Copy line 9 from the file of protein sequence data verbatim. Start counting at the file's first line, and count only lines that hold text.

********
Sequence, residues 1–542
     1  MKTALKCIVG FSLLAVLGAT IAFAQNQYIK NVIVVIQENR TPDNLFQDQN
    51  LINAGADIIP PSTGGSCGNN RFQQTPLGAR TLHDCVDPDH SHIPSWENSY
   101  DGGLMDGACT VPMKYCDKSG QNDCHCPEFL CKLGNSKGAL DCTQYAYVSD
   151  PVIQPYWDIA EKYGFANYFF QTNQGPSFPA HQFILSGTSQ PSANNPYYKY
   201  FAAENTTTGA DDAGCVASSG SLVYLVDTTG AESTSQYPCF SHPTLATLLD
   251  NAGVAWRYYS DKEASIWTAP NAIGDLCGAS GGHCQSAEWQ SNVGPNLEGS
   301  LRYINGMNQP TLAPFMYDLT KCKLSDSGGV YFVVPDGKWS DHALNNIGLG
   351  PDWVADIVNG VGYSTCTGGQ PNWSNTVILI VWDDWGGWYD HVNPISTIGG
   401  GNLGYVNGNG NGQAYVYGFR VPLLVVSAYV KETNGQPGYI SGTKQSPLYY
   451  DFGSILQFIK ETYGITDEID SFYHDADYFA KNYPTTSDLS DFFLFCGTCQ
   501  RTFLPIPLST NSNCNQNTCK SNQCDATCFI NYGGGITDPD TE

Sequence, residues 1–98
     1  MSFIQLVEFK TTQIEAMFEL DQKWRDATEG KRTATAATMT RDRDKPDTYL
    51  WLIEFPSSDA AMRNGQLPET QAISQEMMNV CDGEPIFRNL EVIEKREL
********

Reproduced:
   351  PDWVADIVNG VGYSTCTGGQ PNWSNTVILI VWDDWGGWYD HVNPISTIGG